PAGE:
Competition is exceptionally close amongst the teams currently lying in the three places below Spirit of Australia, with just two points separating Cape Breton Island, Team Finland and Jamaica Lightning Bolt, who hold second, third and fourth place respectively. Hull & Humber are also not out of contention for an overall podium and with their first podium place result in Race 8 they will be hungry for another. Further down the order there is Asian rivalry between Uniquely Singapore, who scored their first victory in Race 10, and Qingdao who despite four third place results have yet to make it to the top of the podium. The team on board Cork will be hoping to show what their Challenge 67 is capable of and with stronger weather forecasted for this race than the last, they will be fully in contention. Keen also to prove their worth are California and Edinburgh Inspiring Capital who have yet to get a podium place result – so the final four races of Clipper 09-10 promise to be fiercely contested.

In addition to the closely fought points for the individual legs there is an extra dimension to the 800-mile race from New York to Cape Breton Island. Designated the ‘Eagle Spirit Race’ by Cape Breton Island’s sponsors, with the inspiration coming from the magnificent eagle that emblazons the side of their yacht, the team’s will be competing for the Eagle Spirit Trophy. There are three magnificent trophies up for grabs, each depicting a soaring eagle, which will be awarded to the podium placed yachts at the Race 11 prize giving ceremony on June 14 in Sydney.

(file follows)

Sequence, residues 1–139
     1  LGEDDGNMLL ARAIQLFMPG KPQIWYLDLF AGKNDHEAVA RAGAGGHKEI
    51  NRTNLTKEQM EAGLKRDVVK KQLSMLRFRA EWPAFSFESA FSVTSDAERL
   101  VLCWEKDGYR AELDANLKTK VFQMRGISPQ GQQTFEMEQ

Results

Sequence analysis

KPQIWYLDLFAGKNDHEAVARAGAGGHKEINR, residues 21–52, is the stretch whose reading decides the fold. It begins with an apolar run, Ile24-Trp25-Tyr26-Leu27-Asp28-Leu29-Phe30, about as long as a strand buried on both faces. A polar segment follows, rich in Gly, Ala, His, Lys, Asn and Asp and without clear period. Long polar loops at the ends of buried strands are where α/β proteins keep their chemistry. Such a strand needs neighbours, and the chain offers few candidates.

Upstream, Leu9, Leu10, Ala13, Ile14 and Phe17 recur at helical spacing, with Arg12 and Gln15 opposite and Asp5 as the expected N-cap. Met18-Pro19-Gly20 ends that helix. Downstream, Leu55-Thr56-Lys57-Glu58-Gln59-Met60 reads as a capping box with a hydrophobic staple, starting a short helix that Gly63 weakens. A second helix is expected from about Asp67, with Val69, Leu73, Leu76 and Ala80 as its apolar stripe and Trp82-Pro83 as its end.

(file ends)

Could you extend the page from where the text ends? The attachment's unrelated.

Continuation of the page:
There is a centuries old tradition of welcoming visitors to Nova Scotia which continues to be extended by the people of Cape Breton Island, Nova Scotia today. Their famous warm welcome and hand of friendship will be awaiting all the crews of Clipper 09-10 when the race arrives in Sydney between 11 and 13 June

Published in Clipper Race

Race 10 is already over for Cork. Concerned that they would not reach New York in time to be ready for the next race to Cape Breton Island, yesterday evening the Race Committee offered the Irish team tenth place. Skipper Hannah Jenner and her crew have accepted it and are now motoring towards North Cove Marina on Manhattan Island.